As we all know, find ourselves in a new world. As the article states, we as educators have a direct role to play in de-traumatizing the educational process for our students. The article makes clear the connection between Anti-Racist practice and lessening that trauma. “Potential paths to recovery” can be seen in the article’s call to action to use “equity-centered trauma-informed” educational practice. The denotation of pro-activity, unconditional student-regard (which is different I point out from acceptance of unacceptable behavior; the person is valued even if the behavior is not), personal responsibility to accept and grow in these practices, turning our classrooms into laboratories in which we create partnership with our students in the process of change both in the classroom and in the world are all the basic building blocks of this work. As the article says, it all adds up to making social justice the first and foremost priority in all our work. From there we can begin to have an impact on trauma, racism, xenophobia, bullying, and all the other hateful things we encounter in our travels.

  2. Anthony Naaeke

    I have been traumatized as a faculty in a private 4year institution. After 5 years of positive annual reviews my 6th annual review contained negative observations that did not tally with peer observation and student course evaluations. I was the only BLACK male professor with only one black female professor in the institution. After receiving the negative recommendation form the division chair about possible tenure, all the White professors came to say how sorry they were about what the division chair had done but when I asked them to write something in defense of me they all refused. The only people who defended my teaching, scholarship and service were a Chinese History professor, Palestinian International studies professor and the black female professor. ALL White professors refused to come to my defense including the Provost who offered to write a letter of recommendation for me in case I needed one. So this discussion depends on the kind of institution we are dealing with. White, private institutions from my experience use minorities to check a box without any intention of keeping them for a long term (my experience). It’s easier to change structures at BMCC where we have a president who is black and majority of our students are Hispanic and Black.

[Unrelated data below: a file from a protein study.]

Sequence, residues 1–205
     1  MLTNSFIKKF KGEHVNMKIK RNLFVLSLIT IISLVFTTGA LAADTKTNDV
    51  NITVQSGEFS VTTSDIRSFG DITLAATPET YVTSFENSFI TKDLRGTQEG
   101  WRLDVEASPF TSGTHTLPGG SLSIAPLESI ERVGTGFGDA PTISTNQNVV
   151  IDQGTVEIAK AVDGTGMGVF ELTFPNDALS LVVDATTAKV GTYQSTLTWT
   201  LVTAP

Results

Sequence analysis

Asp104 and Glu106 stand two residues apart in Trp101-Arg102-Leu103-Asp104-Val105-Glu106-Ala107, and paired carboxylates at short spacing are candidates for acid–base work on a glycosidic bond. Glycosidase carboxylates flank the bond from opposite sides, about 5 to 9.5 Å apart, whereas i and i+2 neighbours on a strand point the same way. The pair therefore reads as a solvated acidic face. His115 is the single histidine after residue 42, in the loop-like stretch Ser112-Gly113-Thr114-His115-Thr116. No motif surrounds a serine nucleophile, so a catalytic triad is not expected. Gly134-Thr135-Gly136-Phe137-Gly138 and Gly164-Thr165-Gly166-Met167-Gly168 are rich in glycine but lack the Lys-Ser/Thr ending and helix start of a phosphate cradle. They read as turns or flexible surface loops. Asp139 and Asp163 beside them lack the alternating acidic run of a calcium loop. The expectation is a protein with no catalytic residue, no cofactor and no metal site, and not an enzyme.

2. The effort has to start at the departmental level
    3. Our current bylaws give too much power to department chairs

  3. Ricaute Rogers

    I continue to believe that equity in the classroom is not possible today. So often, the economically disadvantage students have to work much harder to succeed. Let’s take for example, I teach CIS 100 (Computer Applications). This class requires a computer, and the purchase of a software to complete the assignments. During normal circumstances, students without a computer can go to the library to complete their assignments. During Covid-19, the situation was aggravated for those students. BMCC provided them with Google tablet which was off no use. These students were placed in a situation of either purchasing a computer or dropping the class. Students who had the means would easily purchase the required material.

  4. Adrienne Urbanski